Structure & Ideals Day 4


 

water colour study from my sketch book

water colour study from my sketch book

February 6th 2013

It’s colder in Birmingham than Worcester and the train was delayed by half an hour so shivered as I alighted at the University. I learnt more today about John Nettlefold’s ideals and emphasis on tradition and craft via town planning aka Moor Pool Estate.Went to a lecture at the Barber Institute about the Venice Carnival and decided my picture book might be about “Clara the eighteenth century rhinoceros” in and around Venice with puncinello masked figures in tow. Primed four canvases and chatted to people and braved the cold to do four drawings in and around the garden using black aquarelle strick which is really hard and performs like Conte crayon. At the bottom of Winterbourne gardens I sat on a bench dedicated to Hilde Hunt (1913-2004) who coincidentally taught me German at school next door at KEHS from 1975-82. She looked ancient then; and I can remember her telling us about the horrors of Buchenwald. The inscription about her said simply, “who loved gardens.” At home I googled her and read an obituary and hadn’t realised she was actiually Austrian, not German.The drawings I did today focused on winter structures and edited out 90% of what was there;  working solely in black and white I find it easy to think monchromatically. The colour will come.

Opening


 

water colour study from my sketch book

water colour study from my sketch book

January 24th 2013

Drove up to Winterbourne with a car load of stuff; canvases, easel, tubs of paint and primer, art materials and a few books to establish my new studio space. No recent snow fall so the journey was easy and we sailed through. A stream of students were just leaving as we arrived for the private view of the new upper rooms at Winterbourne: there’s an Edwardian nursery, Nina the teenage daughter’s room, the governess’ room, also a hobbies’ room leading onto my studio. The staff were racing around making final adjustments and then at 5.30pm the first of fifty arrived for the reception. I chatted to the editor of Birmingham’s Gem magazine, two of Winterbourne’s volunteers, a Birmingham Councillor, an ex KES headmaster and his wife, the marketing manager of the Barber Institute, and the new director of the B.I, Nicola Kalinsky. Alison Derby made a short speech to us all from the stairs and announced my position as artist in residence as from Monday. Paul enjoyed seeing the whole wonderful set up for the first time and said I’d have a great time. We’re ready for the off!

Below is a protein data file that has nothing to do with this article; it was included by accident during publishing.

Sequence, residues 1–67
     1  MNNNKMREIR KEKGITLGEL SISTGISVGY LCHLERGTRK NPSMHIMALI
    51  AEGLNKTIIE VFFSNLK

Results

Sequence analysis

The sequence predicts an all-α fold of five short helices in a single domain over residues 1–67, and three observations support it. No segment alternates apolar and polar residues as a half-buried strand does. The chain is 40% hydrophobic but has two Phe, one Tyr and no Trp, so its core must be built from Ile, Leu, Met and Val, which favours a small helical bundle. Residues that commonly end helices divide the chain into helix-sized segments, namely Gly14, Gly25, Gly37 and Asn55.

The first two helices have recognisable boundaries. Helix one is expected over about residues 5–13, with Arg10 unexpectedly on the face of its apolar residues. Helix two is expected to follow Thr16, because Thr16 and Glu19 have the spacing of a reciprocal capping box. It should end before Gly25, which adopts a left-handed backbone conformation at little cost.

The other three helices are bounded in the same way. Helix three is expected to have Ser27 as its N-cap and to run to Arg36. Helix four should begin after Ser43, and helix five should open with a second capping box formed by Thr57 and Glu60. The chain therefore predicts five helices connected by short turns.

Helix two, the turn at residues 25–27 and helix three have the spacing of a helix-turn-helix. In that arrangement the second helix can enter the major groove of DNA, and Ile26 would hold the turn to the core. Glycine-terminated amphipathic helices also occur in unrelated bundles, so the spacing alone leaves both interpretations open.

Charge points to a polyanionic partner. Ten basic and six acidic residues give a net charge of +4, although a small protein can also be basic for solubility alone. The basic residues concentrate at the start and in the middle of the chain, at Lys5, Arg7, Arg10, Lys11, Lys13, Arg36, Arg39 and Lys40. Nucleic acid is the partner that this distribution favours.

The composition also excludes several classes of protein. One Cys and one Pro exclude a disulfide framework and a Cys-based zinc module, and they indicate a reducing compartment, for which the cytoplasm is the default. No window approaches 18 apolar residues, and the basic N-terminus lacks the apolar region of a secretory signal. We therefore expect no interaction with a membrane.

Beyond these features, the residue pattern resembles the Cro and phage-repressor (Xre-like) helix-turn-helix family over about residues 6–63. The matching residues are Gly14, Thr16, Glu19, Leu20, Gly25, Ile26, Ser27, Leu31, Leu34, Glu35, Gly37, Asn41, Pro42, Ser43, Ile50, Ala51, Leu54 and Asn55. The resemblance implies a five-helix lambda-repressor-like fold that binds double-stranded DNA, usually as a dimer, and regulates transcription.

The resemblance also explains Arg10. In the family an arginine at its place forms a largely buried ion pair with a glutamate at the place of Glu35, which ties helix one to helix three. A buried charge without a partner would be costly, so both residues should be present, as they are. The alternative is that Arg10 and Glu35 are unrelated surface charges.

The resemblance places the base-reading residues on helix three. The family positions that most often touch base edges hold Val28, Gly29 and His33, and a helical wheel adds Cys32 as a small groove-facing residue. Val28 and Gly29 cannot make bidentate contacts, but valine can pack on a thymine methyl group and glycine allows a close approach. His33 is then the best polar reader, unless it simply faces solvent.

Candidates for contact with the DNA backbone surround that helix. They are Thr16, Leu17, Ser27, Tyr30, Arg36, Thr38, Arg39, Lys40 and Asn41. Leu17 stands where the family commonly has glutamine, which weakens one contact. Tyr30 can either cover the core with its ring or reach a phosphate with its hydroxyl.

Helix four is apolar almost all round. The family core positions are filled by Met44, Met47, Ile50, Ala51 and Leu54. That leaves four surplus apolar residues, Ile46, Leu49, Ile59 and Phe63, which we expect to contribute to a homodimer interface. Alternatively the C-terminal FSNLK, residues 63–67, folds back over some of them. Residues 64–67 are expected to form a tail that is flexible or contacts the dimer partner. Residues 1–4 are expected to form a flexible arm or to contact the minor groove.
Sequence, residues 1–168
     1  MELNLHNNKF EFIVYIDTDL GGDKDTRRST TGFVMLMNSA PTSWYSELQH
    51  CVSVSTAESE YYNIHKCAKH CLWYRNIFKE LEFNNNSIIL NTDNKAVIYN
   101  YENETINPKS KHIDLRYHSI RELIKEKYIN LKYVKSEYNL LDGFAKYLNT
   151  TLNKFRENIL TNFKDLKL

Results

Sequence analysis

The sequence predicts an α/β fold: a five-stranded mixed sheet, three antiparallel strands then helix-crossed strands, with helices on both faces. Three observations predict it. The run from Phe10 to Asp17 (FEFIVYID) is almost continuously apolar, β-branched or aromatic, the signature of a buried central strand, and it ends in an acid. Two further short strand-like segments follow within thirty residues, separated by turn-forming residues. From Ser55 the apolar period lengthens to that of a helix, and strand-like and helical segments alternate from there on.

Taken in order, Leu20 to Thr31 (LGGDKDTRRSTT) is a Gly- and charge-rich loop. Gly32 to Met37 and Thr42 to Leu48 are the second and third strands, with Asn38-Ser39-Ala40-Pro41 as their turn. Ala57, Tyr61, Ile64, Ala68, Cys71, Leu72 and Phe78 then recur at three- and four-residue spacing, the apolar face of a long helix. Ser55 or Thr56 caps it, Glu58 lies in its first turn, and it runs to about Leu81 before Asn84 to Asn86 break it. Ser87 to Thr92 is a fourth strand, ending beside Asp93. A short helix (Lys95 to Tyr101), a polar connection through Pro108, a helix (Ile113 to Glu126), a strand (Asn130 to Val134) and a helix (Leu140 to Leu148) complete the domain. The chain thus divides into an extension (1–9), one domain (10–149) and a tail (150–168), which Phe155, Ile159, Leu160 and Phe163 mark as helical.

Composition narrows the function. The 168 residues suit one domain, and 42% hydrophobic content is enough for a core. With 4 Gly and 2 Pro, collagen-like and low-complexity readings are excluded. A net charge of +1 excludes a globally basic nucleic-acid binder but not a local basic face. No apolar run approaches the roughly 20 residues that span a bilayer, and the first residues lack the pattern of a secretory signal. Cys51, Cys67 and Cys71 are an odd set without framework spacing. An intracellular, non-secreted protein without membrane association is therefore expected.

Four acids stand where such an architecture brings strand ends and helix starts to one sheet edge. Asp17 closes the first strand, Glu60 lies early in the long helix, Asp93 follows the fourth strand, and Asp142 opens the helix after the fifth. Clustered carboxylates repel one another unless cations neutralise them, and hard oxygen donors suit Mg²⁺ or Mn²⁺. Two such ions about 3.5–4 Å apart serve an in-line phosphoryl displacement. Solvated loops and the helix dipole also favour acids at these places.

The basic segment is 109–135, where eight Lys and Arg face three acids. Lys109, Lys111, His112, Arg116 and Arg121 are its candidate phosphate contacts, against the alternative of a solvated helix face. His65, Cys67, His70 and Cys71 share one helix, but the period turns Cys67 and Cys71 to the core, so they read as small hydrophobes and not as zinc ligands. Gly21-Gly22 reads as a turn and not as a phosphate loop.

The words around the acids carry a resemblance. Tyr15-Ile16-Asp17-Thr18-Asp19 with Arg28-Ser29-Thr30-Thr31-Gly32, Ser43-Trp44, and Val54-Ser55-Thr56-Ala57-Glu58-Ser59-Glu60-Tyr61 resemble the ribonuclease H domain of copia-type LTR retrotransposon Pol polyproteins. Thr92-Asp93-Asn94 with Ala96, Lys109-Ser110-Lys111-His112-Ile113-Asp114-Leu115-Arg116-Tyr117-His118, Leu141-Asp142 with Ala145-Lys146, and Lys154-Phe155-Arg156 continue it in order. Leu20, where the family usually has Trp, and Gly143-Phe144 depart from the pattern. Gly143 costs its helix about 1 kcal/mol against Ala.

111001 false alarm


This week I was fortunate enough to spend a number of hours visiting two major art collections: first the Barber Institute of Fine Art in Birmingham, the second the National Museum in Cardiff. It is always fascinating to see artists represented in different collections; paintings produced perhaps a few years apart: different but complimentary. I saw two examples of Richard Wilson for example, two of Corot, two of Whistler, many by Gwen John, two by Howard Hodgkin. The first viewed in England’s second city, the second in Wales’ first city.

In Cardiff the visit was followed by a well spent half hour in the Martin Tinney Gallery in St Andrew’ s Crescent. This was followed by a boat trip on the aquabus down the Taff to Cardiff Bay via Penarth, followed by a quick dash into John Lewis where we watched a programme about my favourite US artist Frank Stella, then finished with an evening in St David’s Hall listening to the BBC National Orchestra & Chorus of Wales (with choristers from Hereford, Gloucester and Worcester Cathedrals).

The rendition of John Adams’ deeply felt tribute to the victims of the 9/11 tragedy was as expected very moving and there  followed an interval. It was just coming to a close with requests for us to return to our seats when the announcements were swiftly replaced by orders for us to evacuate the auditorium immediately. Traipsing at a snail’s pace down the stairs from level 3 behind the elderly and infirm we naturally thought of those caught up in the twin towers a decade ago. Fortunately for us the firemen soon declared our emergency all clear and we were allowed back in to the auditorium to hear Thierry Fischer conduct Beethoven’s Symphony no. 9 with Rebecca Evans, Hanne Fischer, Andrew Kennedy and Matthew Rose. It had been a false alarm.